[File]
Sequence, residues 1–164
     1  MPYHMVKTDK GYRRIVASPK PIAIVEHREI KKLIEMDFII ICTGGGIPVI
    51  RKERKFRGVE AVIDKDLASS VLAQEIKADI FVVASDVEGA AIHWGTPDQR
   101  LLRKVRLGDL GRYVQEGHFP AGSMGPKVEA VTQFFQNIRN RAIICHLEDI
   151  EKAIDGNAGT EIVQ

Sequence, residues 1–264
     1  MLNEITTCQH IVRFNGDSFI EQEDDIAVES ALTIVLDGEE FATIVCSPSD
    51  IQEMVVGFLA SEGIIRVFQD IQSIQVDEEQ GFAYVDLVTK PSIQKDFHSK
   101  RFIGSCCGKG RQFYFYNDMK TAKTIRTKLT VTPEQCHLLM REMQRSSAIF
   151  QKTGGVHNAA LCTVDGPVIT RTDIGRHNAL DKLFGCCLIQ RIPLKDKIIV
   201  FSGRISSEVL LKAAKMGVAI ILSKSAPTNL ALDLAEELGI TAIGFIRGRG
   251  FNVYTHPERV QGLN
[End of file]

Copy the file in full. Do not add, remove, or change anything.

Sequence, residues 1–164
     1  MPYHMVKTDK GYRRIVASPK PIAIVEHREI KKLIEMDFII ICTGGGIPVI
    51  RKERKFRGVE AVIDKDLASS VLAQEIKADI FVVASDVEGA AIHWGTPDQR
   101  LLRKVRLGDL GRYVQEGHFP AGSMGPKVEA VTQFFQNIRN RAIICHLEDI
   151  EKAIDGNAGT EIVQ

Sequence, residues 1–264
     1  MLNEITTCQH IVRFNGDSFI EQEDDIAVES ALTIVLDGEE FATIVCSPSD
    51  IQEMVVGFLA SEGIIRVFQD IQSIQVDEEQ GFAYVDLVTK PSIQKDFHSK
   101  RFIGSCCGKG RQFYFYNDMK TAKTIRTKLT VTPEQCHLLM REMQRSSAIF
   151  QKTGGVHNAA LCTVDGPVIT RTDIGRHNAL DKLFGCCLIQ RIPLKDKIIV
   201  FSGRISSEVL LKAAKMGVAI ILSKSAPTNL ALDLAEELGI TAIGFIRGRG
   251  FNVYTHPERV QGLN